It’s for reasons like these that the late Jim Flaherty openly challenged the wisdom of this scheme as too costly and unfair. “I’m not sure that overall it benefits our society,” he said. “It benefits some parts of the Canadian population a lot and other parts of the Canadian population virtually not at all.”

His concerns were echoed and amplified by the C.D. Howe Institute, the Canadian Centre for Policy Alternatives, the Fraser Institute, the Broadbent Institute, the 3-D Policy group, the Parliamentary Budget Officer, the Caledon Institute, and many others.

In making decisions about tax cuts, a fiscally and socially responsible government would always ensure that any proposed cut is affordable and sustainable, fair to other citizens and taxpayers, and consistent with the government’s obligations for such other priorities as the Canadian Armed Forces, mental health care for returned soldiers, the needs of veterans, funding for the RCMP and our security services, and the investments required in infrastructure, higher education, research and innovation to drive greater growth and prosperity.

What’s lacking in Mr. Harper’s tax plan is good judgment.

A “cap” doesn’t hide the unfairness

Posted on October 30, 2014

Within hours of the federal budget last spring, then-Finance Minister, the late Jim Flaherty, caused a flap in his own Conservative Caucus by openly criticizing Stephen […]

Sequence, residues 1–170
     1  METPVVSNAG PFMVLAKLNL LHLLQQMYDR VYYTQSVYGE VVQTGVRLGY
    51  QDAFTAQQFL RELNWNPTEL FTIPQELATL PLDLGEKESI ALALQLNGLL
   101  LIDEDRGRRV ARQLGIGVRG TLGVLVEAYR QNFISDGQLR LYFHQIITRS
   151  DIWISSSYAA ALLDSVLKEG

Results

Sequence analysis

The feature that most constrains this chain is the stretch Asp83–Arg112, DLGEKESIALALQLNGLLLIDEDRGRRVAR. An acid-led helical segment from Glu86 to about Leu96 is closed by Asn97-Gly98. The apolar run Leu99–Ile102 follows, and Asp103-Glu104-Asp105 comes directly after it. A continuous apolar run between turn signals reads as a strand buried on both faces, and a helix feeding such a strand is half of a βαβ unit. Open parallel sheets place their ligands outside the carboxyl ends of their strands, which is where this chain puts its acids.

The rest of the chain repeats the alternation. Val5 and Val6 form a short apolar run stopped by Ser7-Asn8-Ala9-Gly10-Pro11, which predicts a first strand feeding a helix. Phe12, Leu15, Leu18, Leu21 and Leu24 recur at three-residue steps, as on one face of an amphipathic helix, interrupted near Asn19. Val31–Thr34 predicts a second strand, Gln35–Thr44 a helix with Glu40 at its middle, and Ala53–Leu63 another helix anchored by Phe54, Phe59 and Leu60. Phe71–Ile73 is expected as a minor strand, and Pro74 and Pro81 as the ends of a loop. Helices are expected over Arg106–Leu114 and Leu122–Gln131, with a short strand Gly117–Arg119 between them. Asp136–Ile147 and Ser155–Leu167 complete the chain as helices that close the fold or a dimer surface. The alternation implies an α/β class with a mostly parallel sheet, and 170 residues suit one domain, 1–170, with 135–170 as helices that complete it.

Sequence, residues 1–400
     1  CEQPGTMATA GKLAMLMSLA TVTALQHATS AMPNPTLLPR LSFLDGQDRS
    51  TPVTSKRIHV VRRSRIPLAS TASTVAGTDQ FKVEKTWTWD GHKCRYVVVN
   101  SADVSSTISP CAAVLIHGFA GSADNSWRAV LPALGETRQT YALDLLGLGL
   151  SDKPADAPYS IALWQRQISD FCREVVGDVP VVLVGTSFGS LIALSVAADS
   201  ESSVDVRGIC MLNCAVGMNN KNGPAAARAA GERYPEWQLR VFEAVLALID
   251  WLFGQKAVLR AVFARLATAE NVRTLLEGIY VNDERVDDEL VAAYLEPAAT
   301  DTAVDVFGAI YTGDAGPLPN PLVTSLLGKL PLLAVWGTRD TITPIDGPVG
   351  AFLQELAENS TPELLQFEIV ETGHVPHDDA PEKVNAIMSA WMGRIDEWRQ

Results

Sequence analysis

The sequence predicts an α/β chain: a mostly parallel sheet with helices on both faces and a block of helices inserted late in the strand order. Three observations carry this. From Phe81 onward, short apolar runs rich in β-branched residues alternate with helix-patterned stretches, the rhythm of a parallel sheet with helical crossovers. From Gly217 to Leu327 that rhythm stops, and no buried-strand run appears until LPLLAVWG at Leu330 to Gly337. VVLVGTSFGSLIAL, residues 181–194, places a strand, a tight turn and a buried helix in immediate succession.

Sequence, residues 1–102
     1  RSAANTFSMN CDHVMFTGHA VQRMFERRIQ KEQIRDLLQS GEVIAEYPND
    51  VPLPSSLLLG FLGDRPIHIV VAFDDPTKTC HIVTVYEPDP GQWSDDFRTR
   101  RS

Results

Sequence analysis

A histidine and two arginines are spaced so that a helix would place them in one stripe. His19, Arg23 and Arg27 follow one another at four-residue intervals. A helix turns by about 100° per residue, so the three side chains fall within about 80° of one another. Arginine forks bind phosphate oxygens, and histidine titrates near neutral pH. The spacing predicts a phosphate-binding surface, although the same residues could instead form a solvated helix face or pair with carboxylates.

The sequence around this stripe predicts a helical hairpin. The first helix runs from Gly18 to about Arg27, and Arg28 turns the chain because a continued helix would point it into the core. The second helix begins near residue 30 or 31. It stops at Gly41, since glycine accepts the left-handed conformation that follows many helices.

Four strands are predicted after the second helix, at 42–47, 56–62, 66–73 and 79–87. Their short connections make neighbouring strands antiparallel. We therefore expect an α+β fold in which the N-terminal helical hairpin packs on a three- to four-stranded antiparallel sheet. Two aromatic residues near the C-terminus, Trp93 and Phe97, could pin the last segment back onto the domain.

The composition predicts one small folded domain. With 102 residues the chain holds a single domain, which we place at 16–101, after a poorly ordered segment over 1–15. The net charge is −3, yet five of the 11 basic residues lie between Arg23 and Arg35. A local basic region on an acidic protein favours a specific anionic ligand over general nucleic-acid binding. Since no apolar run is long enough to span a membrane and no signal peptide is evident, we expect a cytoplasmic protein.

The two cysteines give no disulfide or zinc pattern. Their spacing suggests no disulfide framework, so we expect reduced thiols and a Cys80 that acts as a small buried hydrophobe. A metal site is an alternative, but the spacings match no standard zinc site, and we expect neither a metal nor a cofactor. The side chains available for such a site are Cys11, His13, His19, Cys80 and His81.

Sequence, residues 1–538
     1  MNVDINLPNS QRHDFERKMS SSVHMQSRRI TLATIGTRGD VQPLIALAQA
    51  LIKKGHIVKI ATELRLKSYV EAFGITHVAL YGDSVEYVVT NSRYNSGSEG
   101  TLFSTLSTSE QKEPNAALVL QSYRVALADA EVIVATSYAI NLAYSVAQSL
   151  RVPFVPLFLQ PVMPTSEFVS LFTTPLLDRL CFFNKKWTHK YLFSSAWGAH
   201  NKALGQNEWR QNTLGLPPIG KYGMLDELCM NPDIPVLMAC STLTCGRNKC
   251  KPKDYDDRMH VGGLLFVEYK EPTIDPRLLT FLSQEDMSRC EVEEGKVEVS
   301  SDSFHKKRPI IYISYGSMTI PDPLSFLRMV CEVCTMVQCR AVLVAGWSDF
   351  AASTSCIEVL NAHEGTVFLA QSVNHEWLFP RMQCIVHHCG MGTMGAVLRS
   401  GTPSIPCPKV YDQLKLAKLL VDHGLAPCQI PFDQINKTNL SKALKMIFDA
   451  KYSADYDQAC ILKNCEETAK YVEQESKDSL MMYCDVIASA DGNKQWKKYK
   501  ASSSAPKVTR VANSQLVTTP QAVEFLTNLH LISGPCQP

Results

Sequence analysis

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The assailants must not win!

Posted on October 27, 2014

The horror that gripped Canadians last week was pretty much without precedent. In two apparently unconnected incidents – the first on Monday in St. Jean-sur-Richelieu (not […]

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Mr. Harper’s economic view is too narrow

Posted on October 20, 2014

Last week, as world petroleum prices tumbled, triggering a slump in stock markets, a lower Canadian dollar and renewed warnings about government revenues, there was a […]

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About that “catastrophe” in the House of Commons…

Posted on October 14, 2014

Media reports last week revealed serious structural defects in the ornate stonework and stained glass windows that crown the House of Commons chamber like a cathedral […]

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Parliament should pass Senate bill on bus driver safety

Posted on October 10, 2014

With the support of transit employees, their unions, municipalities and other transit operators, police officers, the Canadian Urban Transit Association and others, I have spent the […]

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Parliamentary budget office trashes Conservative EI scheme

Posted on October 9, 2014

The Parliamentary Budget Office (PBO) released a report today that makes a sad joke of the way the Harper government is handling Employment Insurance (EI) payroll […]

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In search of clarity, avoiding the quagmire

Posted on October 6, 2014

Midway through his announcement last Friday that he is sending Canadians to war in Iraq, Stephen Harper said he wanted to “be clear on the objectives […]